The moment Alexander Selkirk saw the Cinque Ports sailing away, he knew he’d made a mistake. He ran into the sea, but it was too late – the ship’s captain, Thomas Stradling, wouldn’t take him back. Selkirk was a castaway.
As the ship’s master, Selkirk had quarrelled with the 21-year-old captain over the leaking state of the ship. He refused to sail on until repairs were made. Stradling took Selkirk at his word, and marooned the Scot on the island of Más a Tierra, 400 miles off the coast of modern-day Chile in 1704.
For the next four years and four months, Selkirk learned to scavenge and hunt goats for his food. He made rough and ready clothes from the hides and built shelter using the pepper trees on the island. Amusement was limited to reading the Bible and singing to his hoard of feral cats, which he persuaded to protect him from the rats.
Salvation came at the end of January 1709, when the English privateering frigates Duke and Duchess hove into view. Selkirk lit a bonfire to attract the sailors’ attention and on 2 February, Captain Woodes Rogers ordered a landing party.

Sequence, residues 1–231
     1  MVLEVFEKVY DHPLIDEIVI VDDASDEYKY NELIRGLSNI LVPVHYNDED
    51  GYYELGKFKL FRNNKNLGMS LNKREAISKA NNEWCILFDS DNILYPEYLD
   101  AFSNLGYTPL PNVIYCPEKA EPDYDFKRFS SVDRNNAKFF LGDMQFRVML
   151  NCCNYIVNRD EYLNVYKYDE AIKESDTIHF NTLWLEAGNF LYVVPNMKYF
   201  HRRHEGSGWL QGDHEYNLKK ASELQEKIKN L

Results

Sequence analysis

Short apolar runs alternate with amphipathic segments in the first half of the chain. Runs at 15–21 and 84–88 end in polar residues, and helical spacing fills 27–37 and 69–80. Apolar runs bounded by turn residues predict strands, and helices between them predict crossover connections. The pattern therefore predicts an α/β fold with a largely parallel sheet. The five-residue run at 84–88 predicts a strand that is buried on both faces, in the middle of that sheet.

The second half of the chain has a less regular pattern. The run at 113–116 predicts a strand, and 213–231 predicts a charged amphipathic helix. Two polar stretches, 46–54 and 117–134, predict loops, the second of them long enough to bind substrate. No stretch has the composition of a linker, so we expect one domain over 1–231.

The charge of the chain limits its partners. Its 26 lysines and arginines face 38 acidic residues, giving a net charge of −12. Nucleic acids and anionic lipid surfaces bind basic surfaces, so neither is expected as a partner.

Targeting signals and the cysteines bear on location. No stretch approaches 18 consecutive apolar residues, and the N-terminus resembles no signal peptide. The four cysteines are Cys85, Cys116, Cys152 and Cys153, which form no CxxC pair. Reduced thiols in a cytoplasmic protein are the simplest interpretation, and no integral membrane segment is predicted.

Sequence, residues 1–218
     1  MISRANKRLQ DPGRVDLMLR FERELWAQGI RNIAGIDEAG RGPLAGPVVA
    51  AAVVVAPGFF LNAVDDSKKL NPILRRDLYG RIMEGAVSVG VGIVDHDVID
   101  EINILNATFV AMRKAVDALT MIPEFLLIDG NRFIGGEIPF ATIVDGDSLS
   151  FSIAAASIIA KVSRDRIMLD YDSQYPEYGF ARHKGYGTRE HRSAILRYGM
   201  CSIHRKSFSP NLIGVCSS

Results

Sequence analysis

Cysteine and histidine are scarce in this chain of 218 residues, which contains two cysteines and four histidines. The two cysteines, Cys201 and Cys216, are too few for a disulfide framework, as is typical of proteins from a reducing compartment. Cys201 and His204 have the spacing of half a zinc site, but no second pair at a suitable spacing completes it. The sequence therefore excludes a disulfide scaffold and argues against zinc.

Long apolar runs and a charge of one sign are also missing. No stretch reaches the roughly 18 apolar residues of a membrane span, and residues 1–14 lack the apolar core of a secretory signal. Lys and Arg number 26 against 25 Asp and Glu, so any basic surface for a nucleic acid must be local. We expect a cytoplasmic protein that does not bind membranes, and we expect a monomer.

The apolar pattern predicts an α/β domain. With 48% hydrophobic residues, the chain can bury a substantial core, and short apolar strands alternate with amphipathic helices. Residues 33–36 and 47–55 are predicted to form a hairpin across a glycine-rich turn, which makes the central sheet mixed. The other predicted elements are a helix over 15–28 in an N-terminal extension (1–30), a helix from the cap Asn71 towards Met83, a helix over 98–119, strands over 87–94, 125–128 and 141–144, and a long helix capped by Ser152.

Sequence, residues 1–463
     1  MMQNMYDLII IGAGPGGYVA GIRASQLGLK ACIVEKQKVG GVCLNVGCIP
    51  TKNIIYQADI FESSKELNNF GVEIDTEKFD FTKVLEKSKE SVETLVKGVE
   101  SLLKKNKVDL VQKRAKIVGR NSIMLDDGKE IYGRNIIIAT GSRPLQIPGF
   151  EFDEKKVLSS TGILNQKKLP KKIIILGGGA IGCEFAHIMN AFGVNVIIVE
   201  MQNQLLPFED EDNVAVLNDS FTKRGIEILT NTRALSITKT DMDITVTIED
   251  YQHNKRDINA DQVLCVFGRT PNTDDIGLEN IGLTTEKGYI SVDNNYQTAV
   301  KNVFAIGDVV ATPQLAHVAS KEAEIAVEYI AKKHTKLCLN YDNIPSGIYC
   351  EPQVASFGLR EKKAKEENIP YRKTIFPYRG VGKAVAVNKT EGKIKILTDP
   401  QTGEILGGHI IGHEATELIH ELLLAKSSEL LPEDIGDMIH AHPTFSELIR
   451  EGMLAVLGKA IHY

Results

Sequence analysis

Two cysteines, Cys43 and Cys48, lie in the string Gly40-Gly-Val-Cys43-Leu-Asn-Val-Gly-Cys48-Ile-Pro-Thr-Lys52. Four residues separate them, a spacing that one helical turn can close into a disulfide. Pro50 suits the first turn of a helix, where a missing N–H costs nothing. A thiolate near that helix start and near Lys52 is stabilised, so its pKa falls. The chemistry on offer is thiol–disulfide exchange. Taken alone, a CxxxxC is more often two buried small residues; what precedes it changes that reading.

Once back in London, Selkirk became a media sensation. Captain Rogers cashed in by writing the best-selling A cruising voyage around the world. And of course, Daniel Defoe wrote his famous novel, Robinson Crusoe, said to be based on Selkirk’s time on the island – although the book is set in the Caribbean.
Selkirk struggled to settle back into British life and his new-found wealth was little consolation. He told journalist Robert Steele that even though he was now worth £800, he was never so happy as when he was not worth a farthing. Selkirk tired of his fortune and enlisted in the Royal Navy. He died in 1721.
But Selkirk’s legacy lives on. In 1966, the Chilean government spied an opportunity to attract tourists and renamed Más a Tierra as Robinson Crusoe Island. Another island in the archipelago was renamed in honour of the real-life castaway.
As for the Cinque Ports, the leaking ship sank shortly after abandoning Selkirk to his fate, and the surviving crew were captured by the Spanish. Alexander Selkirk had been right to get off when he did.